A United Nations report this month said half of Somalia’s population wants to leave the country despite security gains and the creation of a new government. Some Somalis who have fled still see the al-Qaida linked group al-Shabab as a threat to both their lives and the future of their country.
In 2008, Ismail Maalim Ahmed, was working with the World Health Organization (WHO) in Somalia’s Bay region. That year, in July, he came under attack from al-Shabab.
“I was working with WHO as a health surveyor. Al-Shabab kidnapped me at a place which is 25 kilomteters away from Baidoa and took me to a remote place. In the first place they deceived me by asking me a favor to give them a lift to some place. When we arrived at the village they told me to come out of the car at a gunpoint and they said to me I was infidel and a spy and they shot me nine times,” Ahmed said.
Left to die, Ahmed struggled to walk for seven kilometers over eight hours. After a long ordeal he got help and he was taken to the town of Dinsroor. The next day he was airlifted to Nairobi for further treatment.
After three months staying in Nairobi he went back to Dinsoor. Ahmed says he wanted answers as to why al-Shabab wanted him dead.
But al-Shabab still saw him as a threat, and left him a message demanding he leave the country within 24 hours.
Ahmed‘s story is the example of the kind of pressure al-Shabab has put on Somalis to leave their own country.
The U.N. report says despite security gains made in the last two years, Somalis are not yet convinced things will change for better, and half of the population wants to seek refuge in other countries.
Lack of opportunities inside the country have also made easy for al-Shabab to recruit youths to fight for the group.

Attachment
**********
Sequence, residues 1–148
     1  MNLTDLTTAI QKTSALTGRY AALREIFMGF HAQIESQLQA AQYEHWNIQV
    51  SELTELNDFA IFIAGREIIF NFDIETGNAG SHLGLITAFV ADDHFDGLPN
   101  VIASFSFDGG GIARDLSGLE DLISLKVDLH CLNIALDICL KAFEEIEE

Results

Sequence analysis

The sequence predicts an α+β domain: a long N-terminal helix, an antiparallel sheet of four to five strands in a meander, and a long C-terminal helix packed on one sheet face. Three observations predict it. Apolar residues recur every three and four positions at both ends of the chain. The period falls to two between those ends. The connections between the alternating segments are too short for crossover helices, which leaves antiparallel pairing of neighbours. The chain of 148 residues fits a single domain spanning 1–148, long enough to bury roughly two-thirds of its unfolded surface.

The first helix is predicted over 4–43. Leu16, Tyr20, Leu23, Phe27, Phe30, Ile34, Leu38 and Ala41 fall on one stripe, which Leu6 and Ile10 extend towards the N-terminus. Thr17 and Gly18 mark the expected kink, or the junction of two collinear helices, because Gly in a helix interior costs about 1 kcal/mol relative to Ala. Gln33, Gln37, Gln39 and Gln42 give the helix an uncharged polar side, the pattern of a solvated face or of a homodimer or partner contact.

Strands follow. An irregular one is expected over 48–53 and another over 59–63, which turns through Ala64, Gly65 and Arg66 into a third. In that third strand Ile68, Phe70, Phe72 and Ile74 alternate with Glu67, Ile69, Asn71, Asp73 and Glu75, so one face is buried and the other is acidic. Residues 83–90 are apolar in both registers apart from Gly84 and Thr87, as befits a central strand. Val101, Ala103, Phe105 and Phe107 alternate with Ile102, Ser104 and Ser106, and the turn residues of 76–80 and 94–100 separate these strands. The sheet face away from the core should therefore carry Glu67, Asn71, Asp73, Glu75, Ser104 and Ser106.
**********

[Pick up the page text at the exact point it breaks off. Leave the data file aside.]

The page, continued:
A Human Rights Watch report released in February noted the militant group has increasingly recruited children to strengthen its numbers. Families and children that resist the recruitment drive face severe consequences and even death.
Some parents whose sons have joined al-Shabab have found other alternatives to get their sons back without being detected by the militant group.
Thirty-year old AbdiKhadir Mohamed, who lives in Nairobi, has recently travelled back to Somalia to get his 12-year-old nephew who joined al-Shabab when his entire class joined.
Mohamed said he took the initiative to get the youngster back after his parents were so afraid from al-Shabab.
“I talked to the parents of the boy if they were comfortable with their son joining the group al-Shabab. They told me they were not okay with it. That’s when I decided I have to play the role of an uncle to save the boy whatever it takes. So that I can change his life and his future,” Mohamed said.
With al-Shabab in retreat now, losing large territories they once controlled, Mohamed says it is time for all Somalis to get their sons out of terror groups.
“Every one of us has to look ways to get our people back whatever it takes. We all know each other, we all live in the country, we know every district, town and village and we all know where our boys are stationed. They have to find solution to their sons before they are kille,” Mohamed said.
Despite al-Shabab losing ground in recent months Somalis are still worried about the threat posed by its members.